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Wednesday, 7 May 2008

Anas Altikirit: We got out the vote

So it was the Muslim4Ken campaign that did it for Ken, according to Asim Siddiqui. Never mind the fact that the campaign mobilised the Muslim community, traditionally politically apathetic, to turn out in unprecedented numbers. Never mind our success in sticking one up to those who want the Muslim community to simply sit back and do nothing, or maybe even seek alternative, destructive ways of expressing their concerns - it's the fact that the campaign identified itself by the faith of its target audience that Siddiqui denounces.

The suggestion that the campaign provided the "kiss of death" for Ken Livingstone is ludicrous. When the Muslims4Ken campaign was launched, a YouGov poll had suggested that Livingstone was trailing by 12 points. Johnson's lead was continuously receding, until on the final day of voting the same poll suggested that the lead was down to 6 points, which ultimately proved fairly accurate. It was interesting to hear a the former editor of the Sun on BBC Radio5Live on Saturday saying that considering the pounding that Labour came in for across the country, the mere 5.5% margin by which Boris Johnson won was, in his view, a relatively poor showing. It also reflected the impact of the mass mobilisation that took place across London's ethnic, racial and religious groups, including - and possibly most importantly - the Muslim community. If anything, it was Labour's dismal failure as well as the vitriolic campaign run by the Evening Standard against Livingstone that heralded his defeat.

Most detractors of the various campaigns that work under the Muslim title accuse them of attempting to bring religion into politics, and that no single campaign can possibly claim representation of all Muslims. So it's fascinating, and a little bemusing, when no such criticism is made of the Christian parties that campaigned for the various elections in England and Wales last week. Also, and in hope that this matter is laid to rest, not a single campaign or organisation that carries the word 'Muslim' in its title has ever claimed that it represented all Muslims. Never. The Muslims4Ken campaign was an effort by a number of Muslims, not all Muslims, to support Livingstone's attempt to win a third term as mayor, and must be seen as an ad hoc civil society movement that aims to engage Muslims in politics rather than leave them marginalised by the political process. What's wrong with that?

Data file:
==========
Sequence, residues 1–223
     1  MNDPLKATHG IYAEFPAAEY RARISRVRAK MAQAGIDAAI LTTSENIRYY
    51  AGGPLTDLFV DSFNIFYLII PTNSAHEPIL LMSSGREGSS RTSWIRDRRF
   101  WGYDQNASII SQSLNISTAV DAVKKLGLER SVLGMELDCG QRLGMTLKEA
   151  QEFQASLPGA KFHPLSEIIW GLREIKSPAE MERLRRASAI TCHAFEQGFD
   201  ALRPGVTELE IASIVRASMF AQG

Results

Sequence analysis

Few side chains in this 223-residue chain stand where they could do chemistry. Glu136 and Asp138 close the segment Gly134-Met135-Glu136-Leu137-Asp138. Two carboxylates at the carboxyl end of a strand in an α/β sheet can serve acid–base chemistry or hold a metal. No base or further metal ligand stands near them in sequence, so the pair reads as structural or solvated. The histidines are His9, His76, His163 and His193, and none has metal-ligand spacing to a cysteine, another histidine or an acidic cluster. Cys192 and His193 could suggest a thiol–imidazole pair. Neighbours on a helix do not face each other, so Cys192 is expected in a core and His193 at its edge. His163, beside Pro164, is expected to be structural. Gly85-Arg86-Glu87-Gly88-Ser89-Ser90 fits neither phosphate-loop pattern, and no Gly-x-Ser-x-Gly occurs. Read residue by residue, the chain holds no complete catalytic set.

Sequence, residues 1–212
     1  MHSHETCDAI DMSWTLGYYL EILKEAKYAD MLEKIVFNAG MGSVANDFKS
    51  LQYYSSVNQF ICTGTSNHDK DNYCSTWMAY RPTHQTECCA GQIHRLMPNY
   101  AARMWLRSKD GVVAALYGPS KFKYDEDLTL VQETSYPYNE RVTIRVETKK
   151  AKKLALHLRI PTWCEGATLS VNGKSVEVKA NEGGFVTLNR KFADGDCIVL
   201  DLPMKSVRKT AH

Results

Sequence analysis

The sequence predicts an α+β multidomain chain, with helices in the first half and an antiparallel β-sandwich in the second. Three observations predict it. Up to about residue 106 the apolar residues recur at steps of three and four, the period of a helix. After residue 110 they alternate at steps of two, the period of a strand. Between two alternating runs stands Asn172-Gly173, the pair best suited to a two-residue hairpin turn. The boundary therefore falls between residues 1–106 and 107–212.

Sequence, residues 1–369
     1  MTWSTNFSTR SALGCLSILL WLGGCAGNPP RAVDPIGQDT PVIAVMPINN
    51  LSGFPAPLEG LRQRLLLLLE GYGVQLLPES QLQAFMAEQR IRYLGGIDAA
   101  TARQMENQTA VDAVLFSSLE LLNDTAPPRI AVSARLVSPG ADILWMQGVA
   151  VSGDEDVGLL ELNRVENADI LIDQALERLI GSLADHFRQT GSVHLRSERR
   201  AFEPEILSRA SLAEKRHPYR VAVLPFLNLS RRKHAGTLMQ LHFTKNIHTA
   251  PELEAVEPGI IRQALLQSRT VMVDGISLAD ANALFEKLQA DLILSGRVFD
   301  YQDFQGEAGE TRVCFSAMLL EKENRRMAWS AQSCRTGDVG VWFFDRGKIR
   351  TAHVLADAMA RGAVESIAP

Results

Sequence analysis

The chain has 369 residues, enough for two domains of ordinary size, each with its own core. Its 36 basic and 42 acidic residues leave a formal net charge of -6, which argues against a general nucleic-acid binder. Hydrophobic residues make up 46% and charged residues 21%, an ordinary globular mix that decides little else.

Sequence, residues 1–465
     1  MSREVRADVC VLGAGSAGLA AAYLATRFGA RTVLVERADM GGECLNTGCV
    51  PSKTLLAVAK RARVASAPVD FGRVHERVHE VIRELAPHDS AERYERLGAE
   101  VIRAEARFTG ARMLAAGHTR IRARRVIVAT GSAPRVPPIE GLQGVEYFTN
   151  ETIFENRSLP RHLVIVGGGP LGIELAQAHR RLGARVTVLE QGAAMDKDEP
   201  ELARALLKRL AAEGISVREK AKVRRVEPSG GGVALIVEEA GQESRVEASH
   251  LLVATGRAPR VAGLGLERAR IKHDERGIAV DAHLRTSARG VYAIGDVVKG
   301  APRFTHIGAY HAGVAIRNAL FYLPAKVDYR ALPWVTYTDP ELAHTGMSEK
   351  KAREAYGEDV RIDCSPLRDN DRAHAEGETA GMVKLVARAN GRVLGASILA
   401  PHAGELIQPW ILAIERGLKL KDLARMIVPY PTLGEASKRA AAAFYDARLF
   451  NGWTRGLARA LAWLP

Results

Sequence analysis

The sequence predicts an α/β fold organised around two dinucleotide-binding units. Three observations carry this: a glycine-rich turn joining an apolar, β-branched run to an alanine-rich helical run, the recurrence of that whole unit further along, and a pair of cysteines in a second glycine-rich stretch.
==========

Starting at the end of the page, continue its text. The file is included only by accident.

There was an Irish for Ken campaign, another with the name Afro-Caribbeans for Ken, and a friend of mine from Hendon informed me that he was working with a group of young Jewish professionals to make sure that their community backed Boris Johnson. So why do numerous commentators, including Muslims like Siddiqui, have such a problem with Muslims4Ken?

It would be wrong to think that this campaign, or any other run by Muslim groups and organisations, played the race or religious card. These campaigns were working within their own constituencies until the Evening Standard decided to play those cards and run untruthful and misleading headlines and reports. Indeed, the Standard did not target the Muslims exclusively, but an array of ethnic and religious groups, including Tamil, the Sikh and black organisations. While Andrew Gilligan and the ES may have become rabidly obsessed with the meeting between Ken and Qaradawi in 2004, it was interesting to see why they chose to omit any mention of a Cambridge University conference at which the Grand Mufti of Egypt, Sheikh Ali Gomaa, spoke. The Tory leader David Cameron praised his words, and the Times describedhim as the "wise Mufti". It may have escaped Cameron's attention that Gomaa espouses identical views on suicide bombings in Palestine and homosexuality as Sheikh Qaradawi, while his views on wife-beating are even more hardline.